You’re saying 10k to 5k should take same amount of time as 5k to 1d? That doesn’t seem to make much sense.

I know there are quite a few people who made it to 1d in a year and I think the typical rank progression for them is something like 10k in 1-2 months, 5k in 3-5 months and 1d in 12 months.

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Of course progress isn’t anything near linear. Just giving a rough estimation for a target you need to hit at least by that 3 month mark. If you exceed it then good for you. If you can’t hit the earlier checkpoints by the earlier easier quarterly marks then you’re unlikely to hit that 1 year mark.

  • Do many people set the goal “1 dan in 1 year” ?
    YES (reason may vary, but sometimes it’s just self-motivatinal motto, or bragging to others and appear as strong-willed)
  • Do many people succeed?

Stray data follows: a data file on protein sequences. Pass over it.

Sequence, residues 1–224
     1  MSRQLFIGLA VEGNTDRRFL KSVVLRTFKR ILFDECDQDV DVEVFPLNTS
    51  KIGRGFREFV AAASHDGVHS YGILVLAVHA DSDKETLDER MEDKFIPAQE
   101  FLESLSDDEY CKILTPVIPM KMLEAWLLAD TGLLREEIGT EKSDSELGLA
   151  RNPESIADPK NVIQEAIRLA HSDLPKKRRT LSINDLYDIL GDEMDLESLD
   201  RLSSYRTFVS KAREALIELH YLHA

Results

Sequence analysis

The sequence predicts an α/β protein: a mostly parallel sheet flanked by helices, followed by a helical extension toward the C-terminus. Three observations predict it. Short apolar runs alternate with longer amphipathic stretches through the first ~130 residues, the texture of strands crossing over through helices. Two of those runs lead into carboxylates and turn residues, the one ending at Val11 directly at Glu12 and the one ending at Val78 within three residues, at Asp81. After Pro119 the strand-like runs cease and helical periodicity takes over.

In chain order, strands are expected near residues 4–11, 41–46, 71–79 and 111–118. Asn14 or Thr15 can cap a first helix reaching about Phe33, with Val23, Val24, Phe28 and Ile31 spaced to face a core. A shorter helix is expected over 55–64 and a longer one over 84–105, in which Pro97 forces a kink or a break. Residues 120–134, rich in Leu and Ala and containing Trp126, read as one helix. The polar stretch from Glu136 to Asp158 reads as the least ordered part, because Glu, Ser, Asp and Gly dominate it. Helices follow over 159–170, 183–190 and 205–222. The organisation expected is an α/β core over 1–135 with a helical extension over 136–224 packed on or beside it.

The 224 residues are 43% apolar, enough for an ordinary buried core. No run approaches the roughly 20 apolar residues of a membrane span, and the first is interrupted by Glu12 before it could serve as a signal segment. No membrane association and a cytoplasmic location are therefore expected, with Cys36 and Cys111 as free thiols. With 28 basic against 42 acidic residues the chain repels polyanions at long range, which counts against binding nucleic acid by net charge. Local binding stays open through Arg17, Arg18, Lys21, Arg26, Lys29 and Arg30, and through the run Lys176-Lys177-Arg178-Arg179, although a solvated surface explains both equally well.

NO (but some do, not necessarily by explicitly setting this goal, but only because they put effort, energy, time, and have proper guidance/source of knowledge : private teacher, books, …)

6k can be reached without heavy reading, just understanding principles
1d can be reached with basic reading, because the reading tree is reduced by eliminating silly variants quickly identified by knowing the principles

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Not only. Everyone has different brain. Without good memory and imagination fast progress is impossible even if you learn go 100% of time. You will never reach 9d IF you don’t have those.

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It’s actually rather more different than it seems. Studying effectively should get you to where you are swiftly. From my own experience, I had a similar buzz; I realised that my Chess brain was engaged when playing Go. As you say, the techniques of learning the game can also be useful.

The fact is that you will plateau soon. If you want to continue advancing it will take persistent hard work. If you put in the hard work then you will likely improve. Shodan is a reasonable goal; like being able to compete in a major tournament in Chess. Can you get there in nine more months? Probably not, but then again, who cares?

Play, enjoy, share, improve. There’s no special rush.